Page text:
August 6, 2004 | By Fred von Lohmann

Nose. Camel. Tent.

The FCC is considering whether to impose a "broadcast flag" content protection scheme on digital broadcast radio (a.k.a. DAB or HD Radio). The RIAA is pushing for the flag, which would impose FCC technology mandates on all future digital radio receivers. Apparently, the MPAA's success in getting preemptive FCC regulation of next generation televisions emboldened the RIAA to seek a similar regime for digital radio.

EFF has filed two sets of comments on this issue. Now, you may be wondering why we care about this little FCC backwater proceeding. After all, nobody has an HD Radio yet. The format might not even succeed. So who cares?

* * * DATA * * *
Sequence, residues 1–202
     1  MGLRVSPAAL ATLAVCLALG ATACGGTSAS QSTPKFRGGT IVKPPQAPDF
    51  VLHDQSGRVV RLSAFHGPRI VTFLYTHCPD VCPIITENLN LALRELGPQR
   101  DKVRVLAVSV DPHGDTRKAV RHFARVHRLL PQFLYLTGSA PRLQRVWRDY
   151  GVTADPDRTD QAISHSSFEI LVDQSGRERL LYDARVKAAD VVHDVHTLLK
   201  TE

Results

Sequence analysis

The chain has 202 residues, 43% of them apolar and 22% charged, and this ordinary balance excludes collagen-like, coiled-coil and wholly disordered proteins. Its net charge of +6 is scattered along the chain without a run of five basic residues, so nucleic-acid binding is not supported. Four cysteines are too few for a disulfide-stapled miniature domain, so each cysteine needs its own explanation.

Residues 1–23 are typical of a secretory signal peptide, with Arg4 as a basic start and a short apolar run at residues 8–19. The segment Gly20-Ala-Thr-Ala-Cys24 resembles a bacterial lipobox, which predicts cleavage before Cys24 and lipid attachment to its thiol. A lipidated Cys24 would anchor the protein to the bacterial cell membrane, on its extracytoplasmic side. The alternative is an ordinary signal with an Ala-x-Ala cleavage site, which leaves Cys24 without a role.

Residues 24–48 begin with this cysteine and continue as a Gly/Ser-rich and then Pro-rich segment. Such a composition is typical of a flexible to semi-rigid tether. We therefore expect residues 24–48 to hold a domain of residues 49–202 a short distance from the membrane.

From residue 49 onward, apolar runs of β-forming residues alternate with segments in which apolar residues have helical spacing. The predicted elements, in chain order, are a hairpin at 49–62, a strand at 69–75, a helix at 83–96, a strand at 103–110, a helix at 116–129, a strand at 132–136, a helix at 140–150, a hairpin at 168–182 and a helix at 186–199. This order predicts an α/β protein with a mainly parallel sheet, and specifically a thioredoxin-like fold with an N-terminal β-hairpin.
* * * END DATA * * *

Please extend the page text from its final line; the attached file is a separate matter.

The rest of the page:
Well, in their latest comments, Disney (which is an RIAA member, and owns ABC Radio Networks and four record labels) let slip what this is all about:

In addition, to the extent the Commission considers such a content protection mechanism, it should also consider whether to extend that mechanism to all music distribution platforms, including satellite digital audio radio service, the Internet and broadcast radio service.

Got that? Disney wants the FCC to regulate all devices capable of recording from any audio broadcasting medium or from the Internet. FM radio, XM, Sirius, Streamripper, Total Recorder, you're all in the crosshairs. It's the Hollings Bill all over again.


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